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Report No. 199

Hence, we propose to define 'Court' in section 2(b) as follows:

"2(b): 'Court' means a Civil Court of competent jurisdiction and includes every Consumer Dispute Redressal Agency referred to in section 9 of the Consumer Protection Act, 1986 (68 of 1986) and an arbitral tribunal referred to clause (d) of sub section (1) of section 2 of the Arbitration and Conciliation Act, 1996 (26 of 1996)."

In addition, we propose section 2(c) to say that 'words and expressions not defined in this Act and define in the Indian Contract Act, 1872 (9 of 1872) shall have the meanings assigned to them in respectively in that Act'.

The scheme of the Bill is that 'procedural provisions and procedural unfairness' are dealt with together in Chapter II. Procedural provisions are in section 3, 4 while procedural unfairness is in section 5.

Section 3 deals with mere listing of the 'procedural provisions' of the Indian Contract Act, 1872, namely sections 15, 16, (19A), 17, 18, 19 which deal with 'voidable contracts' - that is, contracts which may be avoided if they are vitiated by coercion, undue influence, fraud, misrepresentation or absence of free consent. We nowhere use the word 'unfair' in this section.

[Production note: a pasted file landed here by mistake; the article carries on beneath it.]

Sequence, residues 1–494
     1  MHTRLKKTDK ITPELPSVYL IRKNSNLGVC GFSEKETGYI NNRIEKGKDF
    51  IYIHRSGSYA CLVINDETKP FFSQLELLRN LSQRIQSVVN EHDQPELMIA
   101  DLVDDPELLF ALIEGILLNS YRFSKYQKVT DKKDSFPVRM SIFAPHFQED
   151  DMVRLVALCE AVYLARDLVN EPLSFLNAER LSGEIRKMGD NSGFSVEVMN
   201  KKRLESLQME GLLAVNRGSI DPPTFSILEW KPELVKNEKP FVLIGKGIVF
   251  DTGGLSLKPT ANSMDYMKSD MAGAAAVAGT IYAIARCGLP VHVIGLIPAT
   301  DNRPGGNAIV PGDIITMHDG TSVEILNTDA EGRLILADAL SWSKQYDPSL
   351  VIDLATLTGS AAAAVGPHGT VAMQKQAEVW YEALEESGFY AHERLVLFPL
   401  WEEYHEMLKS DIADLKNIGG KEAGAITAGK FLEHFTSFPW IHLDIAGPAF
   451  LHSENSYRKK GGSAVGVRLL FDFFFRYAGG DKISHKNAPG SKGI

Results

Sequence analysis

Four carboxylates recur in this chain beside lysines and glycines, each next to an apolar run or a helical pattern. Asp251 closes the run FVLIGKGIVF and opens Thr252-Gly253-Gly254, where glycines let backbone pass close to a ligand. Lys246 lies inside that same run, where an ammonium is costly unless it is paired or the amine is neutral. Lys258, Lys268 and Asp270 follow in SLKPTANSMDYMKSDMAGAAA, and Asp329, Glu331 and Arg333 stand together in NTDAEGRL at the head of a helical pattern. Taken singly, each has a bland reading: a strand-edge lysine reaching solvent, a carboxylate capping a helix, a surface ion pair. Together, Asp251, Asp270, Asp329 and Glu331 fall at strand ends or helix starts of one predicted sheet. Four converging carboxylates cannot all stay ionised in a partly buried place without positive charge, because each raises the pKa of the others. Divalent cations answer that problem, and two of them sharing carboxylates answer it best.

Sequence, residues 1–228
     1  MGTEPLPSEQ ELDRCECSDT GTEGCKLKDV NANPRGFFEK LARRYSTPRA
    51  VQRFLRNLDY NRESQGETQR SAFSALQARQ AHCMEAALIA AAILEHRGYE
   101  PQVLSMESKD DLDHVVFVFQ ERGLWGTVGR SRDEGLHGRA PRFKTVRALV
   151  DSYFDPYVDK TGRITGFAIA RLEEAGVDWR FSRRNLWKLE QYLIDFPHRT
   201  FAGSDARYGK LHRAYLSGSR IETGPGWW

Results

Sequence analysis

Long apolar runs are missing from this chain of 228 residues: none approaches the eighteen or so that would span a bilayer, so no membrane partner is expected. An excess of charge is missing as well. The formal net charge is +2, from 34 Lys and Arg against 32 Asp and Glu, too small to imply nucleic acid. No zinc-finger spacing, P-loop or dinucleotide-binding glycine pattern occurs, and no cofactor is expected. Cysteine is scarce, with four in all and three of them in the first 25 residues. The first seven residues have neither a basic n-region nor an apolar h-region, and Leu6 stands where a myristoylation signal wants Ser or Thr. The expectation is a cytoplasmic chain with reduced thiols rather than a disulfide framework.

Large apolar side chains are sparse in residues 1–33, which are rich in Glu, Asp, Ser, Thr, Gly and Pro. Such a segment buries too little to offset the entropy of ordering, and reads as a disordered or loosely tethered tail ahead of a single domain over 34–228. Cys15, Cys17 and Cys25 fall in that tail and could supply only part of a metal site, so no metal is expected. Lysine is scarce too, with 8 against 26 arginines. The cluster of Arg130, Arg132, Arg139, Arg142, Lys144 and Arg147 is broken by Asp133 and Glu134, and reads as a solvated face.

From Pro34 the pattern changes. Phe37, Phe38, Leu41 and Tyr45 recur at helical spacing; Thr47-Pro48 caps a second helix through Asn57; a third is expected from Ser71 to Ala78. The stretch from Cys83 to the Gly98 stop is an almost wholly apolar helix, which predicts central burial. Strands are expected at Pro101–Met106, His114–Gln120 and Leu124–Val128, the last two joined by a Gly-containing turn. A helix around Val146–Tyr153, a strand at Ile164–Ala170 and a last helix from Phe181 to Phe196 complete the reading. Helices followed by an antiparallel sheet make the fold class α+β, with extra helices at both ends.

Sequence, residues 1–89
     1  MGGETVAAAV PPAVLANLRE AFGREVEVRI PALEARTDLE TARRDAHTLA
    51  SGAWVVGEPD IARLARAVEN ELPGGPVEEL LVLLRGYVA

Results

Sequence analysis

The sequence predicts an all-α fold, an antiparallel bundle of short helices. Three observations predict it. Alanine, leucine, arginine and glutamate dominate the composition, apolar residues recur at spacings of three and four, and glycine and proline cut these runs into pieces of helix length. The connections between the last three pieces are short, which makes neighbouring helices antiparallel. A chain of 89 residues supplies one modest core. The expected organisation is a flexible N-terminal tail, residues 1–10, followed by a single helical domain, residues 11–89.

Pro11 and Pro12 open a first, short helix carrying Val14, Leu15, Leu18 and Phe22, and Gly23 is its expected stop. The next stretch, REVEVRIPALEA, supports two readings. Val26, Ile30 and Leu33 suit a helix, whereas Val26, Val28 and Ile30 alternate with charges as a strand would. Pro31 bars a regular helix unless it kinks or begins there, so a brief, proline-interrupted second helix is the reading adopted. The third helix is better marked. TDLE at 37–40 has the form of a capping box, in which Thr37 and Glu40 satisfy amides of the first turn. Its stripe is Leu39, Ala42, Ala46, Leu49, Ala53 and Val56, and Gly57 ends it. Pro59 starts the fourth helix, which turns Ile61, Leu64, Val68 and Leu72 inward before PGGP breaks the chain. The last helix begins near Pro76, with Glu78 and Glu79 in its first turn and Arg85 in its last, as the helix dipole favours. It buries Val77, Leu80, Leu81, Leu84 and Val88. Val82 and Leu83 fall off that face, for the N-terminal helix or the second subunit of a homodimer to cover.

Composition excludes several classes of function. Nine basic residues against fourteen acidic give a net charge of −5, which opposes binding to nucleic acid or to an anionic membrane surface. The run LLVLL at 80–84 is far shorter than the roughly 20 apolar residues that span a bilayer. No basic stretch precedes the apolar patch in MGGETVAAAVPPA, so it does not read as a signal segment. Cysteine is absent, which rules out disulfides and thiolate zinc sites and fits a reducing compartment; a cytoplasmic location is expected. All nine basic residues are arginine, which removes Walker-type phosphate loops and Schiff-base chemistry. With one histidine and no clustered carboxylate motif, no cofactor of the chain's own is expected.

Likewise, we propose section 4 to merely list the existing procedural provisions of the Specific Relief Act, 1963 - which deal with avoidance of contracts - namely, section 20(2)(a) (second part), section 20 (2)(c) and section 27(1) (a). Here too, we do not use the word unfairness.

After stating that sections 3 and 4 deal with 'procedural provisions' of the above said two enactments and taking care to see that we do not use the words 'procedural unfairness', we next come to the crucial provision, dealing with 'general procedural unfairness' under the proposed law in Chapter II.

We propose section 5 to deal with the concept of 'general procedural unfairness', a concept which we propose to introduce for the first time. The th Report of the Law Commission (1984) though it dealt with the concept of 'unfair terms', did not refer to the dichotomy of 'procedural' and 'substantive' unfairness. Section 67A as proposed in that report used the words 'unconscionable' in the first sub section which combined both procedure and substantive aspects. The second subsection 67(2) dealt with substantive unfairness. The present definition in this Bill is more comprehensive.



Unfair (Procedural and Substantive) Terms in Contract Back




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